Providing services to victims of domestic and sexual violence since 1983
What is domestic violence?
Domestic violence is a crime.
Domestic violence is a pattern of coercive tactics -- which can include psychological and emotional, social, financial, physical, and sexual abuse -- perpetrated by a family or household member, an intimate partner, or significant other, with the goal of establishing or maintaining power and control over the victim.
Under the criminal process, it is a misdemeanor or a felony punishable by up to five years in prison, and any person convicted of domestic assault and battery may not possess a firearm for any reason, even work-related.
Under the civil process, a victim of domestic violence may receive a Family Protection Order, which requires the abuser to stay away from the victim for up to 180 days. This order is enforceable in any state, Native American Tribe, or territory of the United States. Any person subject to a domestic violence protection order may not possess a firearm for any reason.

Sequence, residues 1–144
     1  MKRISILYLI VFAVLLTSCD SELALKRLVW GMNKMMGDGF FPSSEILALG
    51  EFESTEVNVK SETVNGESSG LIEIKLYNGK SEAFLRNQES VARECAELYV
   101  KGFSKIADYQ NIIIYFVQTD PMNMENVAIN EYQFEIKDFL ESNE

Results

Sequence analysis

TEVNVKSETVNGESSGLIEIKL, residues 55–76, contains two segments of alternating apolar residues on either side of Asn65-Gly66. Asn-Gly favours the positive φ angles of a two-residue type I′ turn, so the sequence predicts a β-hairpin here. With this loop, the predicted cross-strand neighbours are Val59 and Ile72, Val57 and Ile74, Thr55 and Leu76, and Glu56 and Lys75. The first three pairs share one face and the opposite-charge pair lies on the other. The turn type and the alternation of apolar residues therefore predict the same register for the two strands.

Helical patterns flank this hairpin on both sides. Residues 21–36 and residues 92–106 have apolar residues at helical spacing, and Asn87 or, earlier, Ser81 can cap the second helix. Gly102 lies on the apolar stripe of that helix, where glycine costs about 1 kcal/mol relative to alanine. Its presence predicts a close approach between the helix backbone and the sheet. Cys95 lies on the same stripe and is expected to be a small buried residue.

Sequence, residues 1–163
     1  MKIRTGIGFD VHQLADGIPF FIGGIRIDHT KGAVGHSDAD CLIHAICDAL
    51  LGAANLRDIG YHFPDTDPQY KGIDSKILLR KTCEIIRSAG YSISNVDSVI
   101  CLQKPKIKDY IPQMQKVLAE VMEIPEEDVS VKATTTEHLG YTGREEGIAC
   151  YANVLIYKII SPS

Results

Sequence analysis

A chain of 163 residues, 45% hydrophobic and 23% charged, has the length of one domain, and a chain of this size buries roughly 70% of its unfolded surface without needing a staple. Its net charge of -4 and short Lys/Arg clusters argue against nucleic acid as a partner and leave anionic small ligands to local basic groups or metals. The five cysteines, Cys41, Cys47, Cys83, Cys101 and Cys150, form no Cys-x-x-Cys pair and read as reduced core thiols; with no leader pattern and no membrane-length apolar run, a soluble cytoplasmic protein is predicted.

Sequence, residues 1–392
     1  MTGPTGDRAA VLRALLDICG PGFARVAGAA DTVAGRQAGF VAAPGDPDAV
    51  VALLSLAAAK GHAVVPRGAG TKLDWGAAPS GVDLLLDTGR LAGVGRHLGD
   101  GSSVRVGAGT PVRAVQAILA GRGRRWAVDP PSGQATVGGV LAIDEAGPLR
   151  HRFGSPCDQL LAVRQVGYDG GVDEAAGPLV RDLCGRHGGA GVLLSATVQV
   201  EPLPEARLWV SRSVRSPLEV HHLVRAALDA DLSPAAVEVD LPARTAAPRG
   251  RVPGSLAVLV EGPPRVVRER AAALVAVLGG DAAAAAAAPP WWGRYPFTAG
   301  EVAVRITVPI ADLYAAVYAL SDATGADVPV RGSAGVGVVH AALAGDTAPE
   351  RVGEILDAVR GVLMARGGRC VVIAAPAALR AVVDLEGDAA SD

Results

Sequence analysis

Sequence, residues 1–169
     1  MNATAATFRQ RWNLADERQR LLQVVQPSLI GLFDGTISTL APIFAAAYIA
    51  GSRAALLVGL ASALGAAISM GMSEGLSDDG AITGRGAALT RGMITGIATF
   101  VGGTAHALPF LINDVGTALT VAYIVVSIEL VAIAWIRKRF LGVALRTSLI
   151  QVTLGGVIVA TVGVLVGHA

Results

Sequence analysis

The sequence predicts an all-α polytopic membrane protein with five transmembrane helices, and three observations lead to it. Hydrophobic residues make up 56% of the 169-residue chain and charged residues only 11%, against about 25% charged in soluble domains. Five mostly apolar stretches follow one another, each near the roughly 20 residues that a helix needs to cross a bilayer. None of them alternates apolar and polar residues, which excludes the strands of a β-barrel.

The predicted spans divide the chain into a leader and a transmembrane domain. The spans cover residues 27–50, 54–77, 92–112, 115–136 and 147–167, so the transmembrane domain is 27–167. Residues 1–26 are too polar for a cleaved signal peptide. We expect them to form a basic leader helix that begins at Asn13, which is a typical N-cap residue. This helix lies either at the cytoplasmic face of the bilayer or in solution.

Domestic violence can happen to anyone.
You may question whether or not the actions of your partner or loved one is really abuse. Please examine the Power and Control wheel below which identifies many different types of abusive and controlling behavior commonly used in domestic and sexual violence relationships.
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